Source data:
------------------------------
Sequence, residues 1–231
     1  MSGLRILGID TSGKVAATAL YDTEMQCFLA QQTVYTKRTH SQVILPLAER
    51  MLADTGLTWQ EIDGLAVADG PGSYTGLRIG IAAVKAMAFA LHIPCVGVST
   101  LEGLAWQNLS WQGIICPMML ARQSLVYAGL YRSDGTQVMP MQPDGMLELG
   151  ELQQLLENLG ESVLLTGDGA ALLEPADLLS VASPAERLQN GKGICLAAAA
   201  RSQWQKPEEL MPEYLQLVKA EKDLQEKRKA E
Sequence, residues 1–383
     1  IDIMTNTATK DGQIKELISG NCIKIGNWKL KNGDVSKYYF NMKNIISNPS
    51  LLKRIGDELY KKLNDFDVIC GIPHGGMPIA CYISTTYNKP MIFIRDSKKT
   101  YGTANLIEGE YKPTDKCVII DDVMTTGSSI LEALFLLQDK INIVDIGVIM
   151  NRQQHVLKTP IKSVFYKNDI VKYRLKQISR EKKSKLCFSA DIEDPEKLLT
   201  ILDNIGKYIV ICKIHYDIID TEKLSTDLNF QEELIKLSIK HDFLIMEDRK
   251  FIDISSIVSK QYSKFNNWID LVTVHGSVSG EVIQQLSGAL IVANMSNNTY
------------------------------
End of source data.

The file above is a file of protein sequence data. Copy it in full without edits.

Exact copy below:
Sequence, residues 1–231
     1  MSGLRILGID TSGKVAATAL YDTEMQCFLA QQTVYTKRTH SQVILPLAER
    51  MLADTGLTWQ EIDGLAVADG PGSYTGLRIG IAAVKAMAFA LHIPCVGVST
   101  LEGLAWQNLS WQGIICPMML ARQSLVYAGL YRSDGTQVMP MQPDGMLELG
   151  ELQQLLENLG ESVLLTGDGA ALLEPADLLS VASPAERLQN GKGICLAAAA
   201  RSQWQKPEEL MPEYLQLVKA EKDLQEKRKA E
Sequence, residues 1–383
     1  IDIMTNTATK DGQIKELISG NCIKIGNWKL KNGDVSKYYF NMKNIISNPS
    51  LLKRIGDELY KKLNDFDVIC GIPHGGMPIA CYISTTYNKP MIFIRDSKKT
   101  YGTANLIEGE YKPTDKCVII DDVMTTGSSI LEALFLLQDK INIVDIGVIM
   151  NRQQHVLKTP IKSVFYKNDI VKYRLKQISR EKKSKLCFSA DIEDPEKLLT
   201  ILDNIGKYIV ICKIHYDIID TEKLSTDLNF QEELIKLSIK HDFLIMEDRK
   251  FIDISSIVSK QYSKFNNWID LVTVHGSVSG EVIQQLSGAL IVANMSNNTY